An equated monthly instalment (EMI) is a pre-determined monthly payment made by a borrower to a creditor on a pre-determined date each month.

Each month, EMIs are applied to both interest and principal, and the loan is paid off in full over a period of years. EMIs are crucial since they may be used to finance everything from a smartphone to a whole apartment. Let’s take a closer look at how an EMI works now that we understand what it is. Click here to know about Form Gstr 9a.

## How does An EMI Work

Now that we’ve learnt what an EMI is, let’s look into how it works. EMIs are not the same as flexible payment plans, which allow the borrower to pay higher amounts at his or her discretion. EMI borrowers are typically only authorized to make one fixed payment per month.

Borrowers benefit from an EMI since they know exactly how much money they’ll have to pay each month toward their loan, making personal financial planning easier. Lenders gain from loan interest because it provides a steady and predictable income source.

### How is EMI Calculated?

EMI can be calculated in two different ways. These are the methods:

### The Flat Rate Method

In the flat-rate system, each interest charge is calculated using the original principal amount as the loan is gradually repaid. The EMI is calculated by multiplying the whole loan principle by the total interest, then dividing the total by the number of EMI instalments, which equals the length of the loan period.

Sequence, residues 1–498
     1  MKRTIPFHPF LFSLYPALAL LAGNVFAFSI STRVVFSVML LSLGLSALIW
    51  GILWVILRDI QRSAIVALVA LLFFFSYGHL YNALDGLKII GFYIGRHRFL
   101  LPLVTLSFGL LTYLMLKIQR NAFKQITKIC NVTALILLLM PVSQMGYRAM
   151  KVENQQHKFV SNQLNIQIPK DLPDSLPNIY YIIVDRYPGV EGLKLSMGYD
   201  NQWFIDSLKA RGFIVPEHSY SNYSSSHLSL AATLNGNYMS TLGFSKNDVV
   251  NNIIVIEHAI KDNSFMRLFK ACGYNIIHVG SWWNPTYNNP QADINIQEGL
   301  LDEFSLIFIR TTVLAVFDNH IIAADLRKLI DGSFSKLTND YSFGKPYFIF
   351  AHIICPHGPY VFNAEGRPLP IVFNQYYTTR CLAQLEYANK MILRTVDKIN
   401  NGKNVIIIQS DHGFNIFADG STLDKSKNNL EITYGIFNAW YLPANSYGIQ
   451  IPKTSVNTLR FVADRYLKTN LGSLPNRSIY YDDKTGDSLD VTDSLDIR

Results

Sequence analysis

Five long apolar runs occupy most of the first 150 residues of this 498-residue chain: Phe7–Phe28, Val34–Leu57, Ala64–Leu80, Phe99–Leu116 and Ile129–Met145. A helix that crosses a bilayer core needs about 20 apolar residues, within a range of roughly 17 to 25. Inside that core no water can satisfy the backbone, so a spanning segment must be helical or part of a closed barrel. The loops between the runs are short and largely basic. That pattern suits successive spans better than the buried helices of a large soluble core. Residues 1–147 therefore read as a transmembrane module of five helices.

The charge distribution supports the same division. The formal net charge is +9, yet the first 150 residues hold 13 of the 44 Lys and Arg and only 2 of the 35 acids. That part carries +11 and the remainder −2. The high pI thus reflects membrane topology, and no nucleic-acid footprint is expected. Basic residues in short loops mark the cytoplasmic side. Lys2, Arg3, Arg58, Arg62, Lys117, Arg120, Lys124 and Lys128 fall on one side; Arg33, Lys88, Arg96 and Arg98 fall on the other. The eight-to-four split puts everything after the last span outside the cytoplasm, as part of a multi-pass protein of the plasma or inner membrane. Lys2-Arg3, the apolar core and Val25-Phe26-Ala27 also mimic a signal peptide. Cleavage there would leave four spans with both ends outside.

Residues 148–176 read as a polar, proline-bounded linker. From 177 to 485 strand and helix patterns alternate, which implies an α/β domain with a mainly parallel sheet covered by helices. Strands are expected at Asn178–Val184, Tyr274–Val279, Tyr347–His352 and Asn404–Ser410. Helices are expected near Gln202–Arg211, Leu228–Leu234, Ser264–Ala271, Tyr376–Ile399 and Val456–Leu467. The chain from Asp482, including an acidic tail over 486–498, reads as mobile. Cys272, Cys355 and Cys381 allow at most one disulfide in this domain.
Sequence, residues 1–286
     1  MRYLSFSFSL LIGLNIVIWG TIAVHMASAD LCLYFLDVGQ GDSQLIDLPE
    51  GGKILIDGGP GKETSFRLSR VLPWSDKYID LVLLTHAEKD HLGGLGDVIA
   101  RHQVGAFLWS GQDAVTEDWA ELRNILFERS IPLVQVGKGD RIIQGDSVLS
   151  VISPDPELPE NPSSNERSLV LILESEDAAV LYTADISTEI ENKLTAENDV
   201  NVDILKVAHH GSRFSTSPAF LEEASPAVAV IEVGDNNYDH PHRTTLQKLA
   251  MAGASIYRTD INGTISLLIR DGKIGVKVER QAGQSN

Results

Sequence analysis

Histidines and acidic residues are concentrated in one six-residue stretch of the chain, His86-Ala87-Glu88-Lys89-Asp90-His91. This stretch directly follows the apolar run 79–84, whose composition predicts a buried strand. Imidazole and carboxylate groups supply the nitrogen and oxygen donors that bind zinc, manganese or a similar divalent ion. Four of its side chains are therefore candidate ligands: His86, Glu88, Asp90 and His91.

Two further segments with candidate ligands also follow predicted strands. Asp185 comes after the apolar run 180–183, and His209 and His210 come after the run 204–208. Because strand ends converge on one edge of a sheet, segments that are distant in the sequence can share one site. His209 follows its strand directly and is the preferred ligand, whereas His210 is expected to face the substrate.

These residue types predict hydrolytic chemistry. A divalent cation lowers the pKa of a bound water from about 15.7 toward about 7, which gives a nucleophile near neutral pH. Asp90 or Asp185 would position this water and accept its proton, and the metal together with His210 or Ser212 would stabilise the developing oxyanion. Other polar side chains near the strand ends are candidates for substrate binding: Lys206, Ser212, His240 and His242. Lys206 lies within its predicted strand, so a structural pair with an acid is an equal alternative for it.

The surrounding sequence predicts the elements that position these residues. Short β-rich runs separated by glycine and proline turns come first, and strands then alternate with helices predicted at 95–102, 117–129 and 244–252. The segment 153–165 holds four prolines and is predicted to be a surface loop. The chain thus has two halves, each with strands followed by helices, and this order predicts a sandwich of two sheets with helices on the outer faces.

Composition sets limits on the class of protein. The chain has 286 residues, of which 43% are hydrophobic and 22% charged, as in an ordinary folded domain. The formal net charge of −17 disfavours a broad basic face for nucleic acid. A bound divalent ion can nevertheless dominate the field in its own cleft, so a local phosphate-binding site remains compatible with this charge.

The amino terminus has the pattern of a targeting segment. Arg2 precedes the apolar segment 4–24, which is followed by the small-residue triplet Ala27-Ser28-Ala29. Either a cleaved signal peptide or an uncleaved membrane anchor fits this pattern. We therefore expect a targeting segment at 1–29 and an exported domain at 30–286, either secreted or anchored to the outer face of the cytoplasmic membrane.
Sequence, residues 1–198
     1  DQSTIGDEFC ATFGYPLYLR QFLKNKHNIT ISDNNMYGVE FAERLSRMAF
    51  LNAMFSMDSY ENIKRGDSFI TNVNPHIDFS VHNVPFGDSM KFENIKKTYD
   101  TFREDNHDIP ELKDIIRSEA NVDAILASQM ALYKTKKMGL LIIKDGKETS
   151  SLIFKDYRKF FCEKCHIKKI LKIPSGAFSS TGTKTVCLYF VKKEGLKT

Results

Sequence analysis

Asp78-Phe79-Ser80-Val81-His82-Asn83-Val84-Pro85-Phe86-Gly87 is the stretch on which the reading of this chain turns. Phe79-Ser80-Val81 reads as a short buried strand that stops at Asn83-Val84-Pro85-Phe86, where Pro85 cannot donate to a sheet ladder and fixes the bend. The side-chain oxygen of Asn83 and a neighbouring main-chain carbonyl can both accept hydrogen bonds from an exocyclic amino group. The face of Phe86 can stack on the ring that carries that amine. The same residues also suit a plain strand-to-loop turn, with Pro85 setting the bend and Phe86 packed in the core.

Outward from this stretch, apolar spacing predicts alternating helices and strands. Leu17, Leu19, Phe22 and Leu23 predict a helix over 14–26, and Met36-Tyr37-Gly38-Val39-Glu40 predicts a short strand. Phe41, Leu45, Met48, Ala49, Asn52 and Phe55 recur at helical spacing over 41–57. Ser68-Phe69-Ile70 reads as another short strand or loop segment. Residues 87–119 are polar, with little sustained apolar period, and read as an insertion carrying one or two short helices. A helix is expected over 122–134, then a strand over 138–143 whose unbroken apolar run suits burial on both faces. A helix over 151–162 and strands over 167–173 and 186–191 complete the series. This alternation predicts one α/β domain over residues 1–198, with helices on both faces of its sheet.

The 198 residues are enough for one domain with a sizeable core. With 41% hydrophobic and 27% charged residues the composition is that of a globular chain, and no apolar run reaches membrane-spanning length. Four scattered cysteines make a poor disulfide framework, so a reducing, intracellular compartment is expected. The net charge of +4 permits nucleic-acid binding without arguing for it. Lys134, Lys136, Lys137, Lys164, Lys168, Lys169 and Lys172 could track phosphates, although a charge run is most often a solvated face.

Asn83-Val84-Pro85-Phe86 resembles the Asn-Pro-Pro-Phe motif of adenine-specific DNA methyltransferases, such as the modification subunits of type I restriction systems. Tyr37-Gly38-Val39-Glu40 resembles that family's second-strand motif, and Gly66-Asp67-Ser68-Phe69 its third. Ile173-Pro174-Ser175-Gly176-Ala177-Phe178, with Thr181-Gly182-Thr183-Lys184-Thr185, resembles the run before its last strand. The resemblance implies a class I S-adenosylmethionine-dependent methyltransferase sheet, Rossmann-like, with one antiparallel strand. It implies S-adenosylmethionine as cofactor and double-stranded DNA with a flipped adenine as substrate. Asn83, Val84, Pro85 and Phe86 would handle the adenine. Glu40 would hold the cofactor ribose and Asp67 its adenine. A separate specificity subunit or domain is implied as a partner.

On personal loans and auto loans, the flat rate technique is prevalent. Borrowers gain less since interest payments must cover the entire principal amount, resulting in a higher effective interest rate than when the balance is reduced.

### The Reducing Balance Method

In contrast to the flat-rate system, the declining balance method determines the interest payment based on the outstanding principal. This means that the interest and principal payments components of each EMI change.

As a percentage of the outstanding loan, interest payments make up a higher share of the EMI at the start of the loan period. As the loan is repaid over time, the interest amount reduces, and a bigger share of the payments goes toward principal repayments. On house mortgages, credit cards, and overdraft services, the reducing-balance method is frequently used.